The following day Daniel's mother asked Principal Farina to read over the school's public address system a letter from Daniel declaring his innocence. She requested, in the alternative, that the school permit Daniel to read the statement during a school assembly or that the school distribute the statement to the students in written form. Principal Farina denied all of these requests, citing the risk that any statement could further aggravate tensions in the school. In the days following April 26, Daniel received a number of threatening phone calls at his house as well as a threatening message in Spanish on his cell phone. In light of threats heard by Farina that students were planning to burn Daniel's house, police were assigned to patrol outside of the DeFabio household for the remainder of the week.
On April 29, 2004, Patricia DeFabio and her partner, Michael Rusinsky ("Daniel's parents"), met with Farina, assistant principal Michael Burns, and guidance counselor Caryn Lieber to discuss the events of the past days. Farina advised Daniel's parents that Daniel could not immediately return to school in light of concerns for his safety. Daniel's parents disagreed and argued strenuously that the best course of action would be to allow Daniel to return to school to "address the rumor." Farina denied their request citing the need to preserve order and calm in the school. Daniel wanted in some way to return to school, but was also "pretty scared." Daniel's parents acknowledged during this meeting that they felt intimidated in their home. The next morning, April 30, an attorney hired by Daniel's parents contacted the school to inquire when Daniel would be readmitted to school. That afternoon Daniel received a hand- delivered letter from Principal Farina informing him that he would be suspended for five days, that Daniel was entitled to an informal hearing and that he had twenty-four hours to inform Farina if he wanted a hearing. The letter also noted that, because of the seriousness of the infraction, a Superintendent's Meeting might be held, and that if so, Daniel would receive notice from the Superintendent's office.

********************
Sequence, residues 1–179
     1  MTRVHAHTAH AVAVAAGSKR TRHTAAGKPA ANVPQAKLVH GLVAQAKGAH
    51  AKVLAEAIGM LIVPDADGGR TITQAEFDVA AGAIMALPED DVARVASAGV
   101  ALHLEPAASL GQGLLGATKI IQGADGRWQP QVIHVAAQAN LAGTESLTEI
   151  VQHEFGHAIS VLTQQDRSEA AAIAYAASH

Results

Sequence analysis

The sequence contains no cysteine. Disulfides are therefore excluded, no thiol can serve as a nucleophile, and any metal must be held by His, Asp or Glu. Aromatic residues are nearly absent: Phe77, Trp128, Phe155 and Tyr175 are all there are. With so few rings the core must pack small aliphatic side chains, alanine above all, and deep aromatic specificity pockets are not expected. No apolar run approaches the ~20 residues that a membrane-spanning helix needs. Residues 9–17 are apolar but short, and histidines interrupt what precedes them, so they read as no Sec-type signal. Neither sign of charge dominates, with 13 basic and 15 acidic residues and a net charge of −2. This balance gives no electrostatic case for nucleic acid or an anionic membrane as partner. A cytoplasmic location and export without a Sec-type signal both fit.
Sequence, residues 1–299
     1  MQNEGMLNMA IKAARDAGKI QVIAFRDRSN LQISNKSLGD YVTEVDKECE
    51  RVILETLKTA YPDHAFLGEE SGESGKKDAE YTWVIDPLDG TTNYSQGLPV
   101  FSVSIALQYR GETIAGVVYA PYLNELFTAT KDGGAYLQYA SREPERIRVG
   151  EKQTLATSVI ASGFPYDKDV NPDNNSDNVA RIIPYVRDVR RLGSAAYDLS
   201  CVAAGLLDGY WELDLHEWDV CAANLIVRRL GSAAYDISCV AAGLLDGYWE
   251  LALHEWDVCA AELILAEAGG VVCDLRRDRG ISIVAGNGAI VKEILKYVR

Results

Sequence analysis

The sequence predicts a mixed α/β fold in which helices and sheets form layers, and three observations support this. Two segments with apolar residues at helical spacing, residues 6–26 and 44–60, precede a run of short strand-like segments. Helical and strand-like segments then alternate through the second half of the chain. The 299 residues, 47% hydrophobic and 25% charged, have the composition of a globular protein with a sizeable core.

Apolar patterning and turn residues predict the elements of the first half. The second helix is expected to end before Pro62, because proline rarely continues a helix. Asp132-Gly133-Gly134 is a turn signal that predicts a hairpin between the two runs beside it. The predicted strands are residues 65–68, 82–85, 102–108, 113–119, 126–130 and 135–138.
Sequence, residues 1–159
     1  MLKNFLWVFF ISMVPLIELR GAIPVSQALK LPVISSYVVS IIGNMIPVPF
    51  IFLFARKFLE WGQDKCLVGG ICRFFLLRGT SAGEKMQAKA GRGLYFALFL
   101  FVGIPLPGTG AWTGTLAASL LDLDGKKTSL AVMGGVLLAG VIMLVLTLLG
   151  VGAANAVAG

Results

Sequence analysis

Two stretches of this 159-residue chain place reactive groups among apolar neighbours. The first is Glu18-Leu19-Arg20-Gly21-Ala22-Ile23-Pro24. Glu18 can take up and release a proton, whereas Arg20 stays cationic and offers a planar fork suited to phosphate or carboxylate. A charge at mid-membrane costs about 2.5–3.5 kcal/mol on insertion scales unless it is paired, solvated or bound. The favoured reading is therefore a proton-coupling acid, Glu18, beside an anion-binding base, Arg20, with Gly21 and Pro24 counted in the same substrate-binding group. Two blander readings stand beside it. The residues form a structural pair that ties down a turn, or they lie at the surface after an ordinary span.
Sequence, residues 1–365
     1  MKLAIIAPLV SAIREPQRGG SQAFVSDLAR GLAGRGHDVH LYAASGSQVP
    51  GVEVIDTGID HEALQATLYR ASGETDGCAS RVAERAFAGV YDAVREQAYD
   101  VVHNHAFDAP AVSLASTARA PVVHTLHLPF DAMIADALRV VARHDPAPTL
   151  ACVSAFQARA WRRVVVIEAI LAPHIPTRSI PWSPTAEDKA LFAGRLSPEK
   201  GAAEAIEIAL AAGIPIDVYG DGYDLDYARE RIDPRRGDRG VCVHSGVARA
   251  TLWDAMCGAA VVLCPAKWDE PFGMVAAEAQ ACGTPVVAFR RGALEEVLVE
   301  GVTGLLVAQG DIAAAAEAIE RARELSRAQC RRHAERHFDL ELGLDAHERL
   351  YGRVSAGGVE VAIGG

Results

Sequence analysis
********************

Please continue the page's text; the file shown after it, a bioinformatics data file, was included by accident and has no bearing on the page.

A week later a Superintendent's Meeting was held. Daniel attended the meeting, venturing out of his house for the first time since the day of the incident. Two students testified against Daniel. Superintendent Raymond Gualtieri found that Daniel had made the comment alleged and suspended Daniel for the remainder of the 2003-2004 school year. Daniel received home tutoring for that time period.
Following the meeting, Principal Farina accompanied Daniel to a meeting with twelve student representatives of the Latin American community in East Hampton High School. At the meeting, Daniel told the students that he did not originate the offending statement but that he had merely repeated the comment to a friend, stating preliminarily that "you would not believe the terrible thing that I just heard someone say in the hallway." At this meeting with the twelve students, Daniel also distributed the written statement that he had earlier requested the school to read or otherwise distribute.*fn1 Most of the students told Daniel that they did not believe him.
Their conclusion was informed in part by Daniel's failure to return to school following the incident--they found his absence and silence consistent with guilt. Farina informed the students that he had not allowed Daniel back in school ...